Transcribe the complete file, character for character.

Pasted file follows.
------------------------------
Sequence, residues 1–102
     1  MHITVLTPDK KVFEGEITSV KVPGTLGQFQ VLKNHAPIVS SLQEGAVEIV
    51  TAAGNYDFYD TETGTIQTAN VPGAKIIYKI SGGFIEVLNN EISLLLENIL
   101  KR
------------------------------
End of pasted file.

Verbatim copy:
Sequence, residues 1–102
     1  MHITVLTPDK KVFEGEITSV KVPGTLGQFQ VLKNHAPIVS SLQEGAVEIV
    51  TAAGNYDFYD TETGTIQTAN VPGAKIIYKI SGGFIEVLNN EISLLLENIL
   101  KR